Theses Doctoral

Hindsight for foresight: adaptive uses of memory in value-based decision making

Nicholas, Jonathan

Effective decision making depends on using memories of past experiences to inform choices in the present. This dissertation examines several ways in which memory is used in decision making, and further aims to establish that one way we adapt to the statistics of our environment is by modifying how we use our memories to guide behavior. In chapters one and two, I focus on how incremental trial-and-error learning and episodic memories of individual events may each contribute to choice.

In chapter one, I ask how the brain may arbitrate rationally between these two systems to achieve a balance that maximizes reward. By manipulating the volatility of the environment to affect uncertainty, I show that participants rely on each system in the circumstances to which it is best suited.

In chapter two, I then ask how decisions based on these memory systems each depend on striatal dopamine. By studying patients with Parkinson’s disease both on and off their medication, I find that a lack of dopamine alters only incremental learning, and that dopamine replacement remediates this deficit with few effects on the use of episodic memory.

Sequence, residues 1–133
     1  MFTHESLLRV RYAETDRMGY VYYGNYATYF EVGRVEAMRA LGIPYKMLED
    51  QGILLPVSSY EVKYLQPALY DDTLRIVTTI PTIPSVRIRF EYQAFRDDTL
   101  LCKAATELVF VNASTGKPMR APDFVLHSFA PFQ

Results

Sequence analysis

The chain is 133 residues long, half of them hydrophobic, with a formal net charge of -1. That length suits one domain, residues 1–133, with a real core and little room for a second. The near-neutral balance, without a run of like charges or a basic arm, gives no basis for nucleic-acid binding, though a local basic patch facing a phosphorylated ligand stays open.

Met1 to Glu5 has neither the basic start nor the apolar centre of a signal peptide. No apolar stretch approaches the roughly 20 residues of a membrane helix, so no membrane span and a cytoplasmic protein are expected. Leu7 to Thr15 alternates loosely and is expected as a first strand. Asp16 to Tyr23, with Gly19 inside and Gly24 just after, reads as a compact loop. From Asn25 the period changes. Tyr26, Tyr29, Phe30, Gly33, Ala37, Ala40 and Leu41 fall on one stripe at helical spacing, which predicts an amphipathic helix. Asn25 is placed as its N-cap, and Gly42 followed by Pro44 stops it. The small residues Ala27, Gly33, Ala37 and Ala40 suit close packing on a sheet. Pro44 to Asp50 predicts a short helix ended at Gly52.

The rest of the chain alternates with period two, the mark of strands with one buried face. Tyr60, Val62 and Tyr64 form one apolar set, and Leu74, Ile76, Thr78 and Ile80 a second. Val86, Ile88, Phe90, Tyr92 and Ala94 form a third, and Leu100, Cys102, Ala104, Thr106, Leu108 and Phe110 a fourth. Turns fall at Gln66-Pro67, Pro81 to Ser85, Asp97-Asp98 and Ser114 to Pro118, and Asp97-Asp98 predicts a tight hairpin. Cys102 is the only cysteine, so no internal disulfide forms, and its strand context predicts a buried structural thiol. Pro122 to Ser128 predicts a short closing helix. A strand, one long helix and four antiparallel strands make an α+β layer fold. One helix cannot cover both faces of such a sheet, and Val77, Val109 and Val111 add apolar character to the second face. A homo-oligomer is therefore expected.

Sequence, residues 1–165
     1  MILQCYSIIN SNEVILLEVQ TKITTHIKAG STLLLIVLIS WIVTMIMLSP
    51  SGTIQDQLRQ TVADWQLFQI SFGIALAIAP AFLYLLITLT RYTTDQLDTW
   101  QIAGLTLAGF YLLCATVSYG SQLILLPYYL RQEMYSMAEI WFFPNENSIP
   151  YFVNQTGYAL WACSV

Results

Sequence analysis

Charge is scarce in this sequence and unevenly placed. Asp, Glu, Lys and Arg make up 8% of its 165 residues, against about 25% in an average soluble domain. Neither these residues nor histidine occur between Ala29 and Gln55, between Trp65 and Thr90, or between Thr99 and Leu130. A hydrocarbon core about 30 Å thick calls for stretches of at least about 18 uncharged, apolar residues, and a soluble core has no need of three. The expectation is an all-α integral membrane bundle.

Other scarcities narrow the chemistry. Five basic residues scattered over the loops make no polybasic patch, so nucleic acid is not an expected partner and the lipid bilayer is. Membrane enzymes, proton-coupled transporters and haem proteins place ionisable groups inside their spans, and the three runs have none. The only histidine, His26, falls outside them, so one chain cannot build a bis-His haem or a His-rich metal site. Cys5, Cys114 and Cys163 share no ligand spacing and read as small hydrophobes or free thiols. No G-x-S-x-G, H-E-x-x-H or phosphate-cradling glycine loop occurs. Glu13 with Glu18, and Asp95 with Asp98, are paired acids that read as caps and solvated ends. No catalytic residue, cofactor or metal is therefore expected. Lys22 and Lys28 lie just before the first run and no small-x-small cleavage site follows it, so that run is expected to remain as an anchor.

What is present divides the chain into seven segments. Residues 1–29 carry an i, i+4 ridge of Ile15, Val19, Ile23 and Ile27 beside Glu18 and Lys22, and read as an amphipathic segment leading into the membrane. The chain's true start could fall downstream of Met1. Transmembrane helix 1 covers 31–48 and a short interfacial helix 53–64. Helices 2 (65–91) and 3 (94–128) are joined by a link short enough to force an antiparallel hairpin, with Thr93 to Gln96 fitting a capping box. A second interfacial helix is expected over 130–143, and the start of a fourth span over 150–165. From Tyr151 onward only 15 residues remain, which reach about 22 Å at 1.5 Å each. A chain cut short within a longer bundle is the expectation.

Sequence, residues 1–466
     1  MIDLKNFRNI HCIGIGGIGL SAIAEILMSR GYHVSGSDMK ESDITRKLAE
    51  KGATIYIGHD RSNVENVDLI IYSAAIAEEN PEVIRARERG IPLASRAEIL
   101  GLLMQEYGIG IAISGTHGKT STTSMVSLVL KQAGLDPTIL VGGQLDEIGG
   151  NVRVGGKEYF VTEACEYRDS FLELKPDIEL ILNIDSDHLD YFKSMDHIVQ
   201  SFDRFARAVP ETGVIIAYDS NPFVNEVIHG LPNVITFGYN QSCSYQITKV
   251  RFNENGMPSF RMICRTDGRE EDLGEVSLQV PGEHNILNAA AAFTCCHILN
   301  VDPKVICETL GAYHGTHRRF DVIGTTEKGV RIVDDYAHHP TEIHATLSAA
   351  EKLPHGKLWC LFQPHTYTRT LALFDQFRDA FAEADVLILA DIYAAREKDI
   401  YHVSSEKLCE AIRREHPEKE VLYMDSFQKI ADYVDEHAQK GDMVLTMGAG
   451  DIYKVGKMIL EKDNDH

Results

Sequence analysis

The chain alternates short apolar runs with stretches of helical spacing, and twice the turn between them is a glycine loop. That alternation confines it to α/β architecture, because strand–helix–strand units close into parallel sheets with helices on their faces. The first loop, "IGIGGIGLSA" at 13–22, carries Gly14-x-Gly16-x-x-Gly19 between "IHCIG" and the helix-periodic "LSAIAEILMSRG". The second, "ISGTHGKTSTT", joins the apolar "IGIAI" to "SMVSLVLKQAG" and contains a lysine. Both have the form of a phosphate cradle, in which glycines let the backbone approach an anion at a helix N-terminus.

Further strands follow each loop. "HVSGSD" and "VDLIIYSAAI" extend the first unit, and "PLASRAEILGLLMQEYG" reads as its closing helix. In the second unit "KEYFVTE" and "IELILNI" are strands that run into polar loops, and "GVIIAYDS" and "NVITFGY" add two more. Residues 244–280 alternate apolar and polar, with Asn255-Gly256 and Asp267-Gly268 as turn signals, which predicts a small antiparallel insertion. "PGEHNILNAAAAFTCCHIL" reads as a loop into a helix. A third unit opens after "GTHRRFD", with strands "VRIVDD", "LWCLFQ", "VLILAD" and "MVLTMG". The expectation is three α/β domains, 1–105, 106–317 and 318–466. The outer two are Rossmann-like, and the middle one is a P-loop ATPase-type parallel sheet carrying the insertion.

Finally, in chapter three, I examine a more difficult class of decisions that require individual memories to be used for planning future action. Using neuroimaging to decode memory access, I find that that the statistical structure of relationships between memories determines when they are used to support planning. Combined, these three chapters suggest that we are capable of flexibly employing multiple forms of memory, with distinct neural mechanisms, to guide a variety of choices.


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More About This Work

Academic Units
Thesis Advisors
Shohamy, Daphna
Ph.D., Columbia University
Published Here
June 28, 2023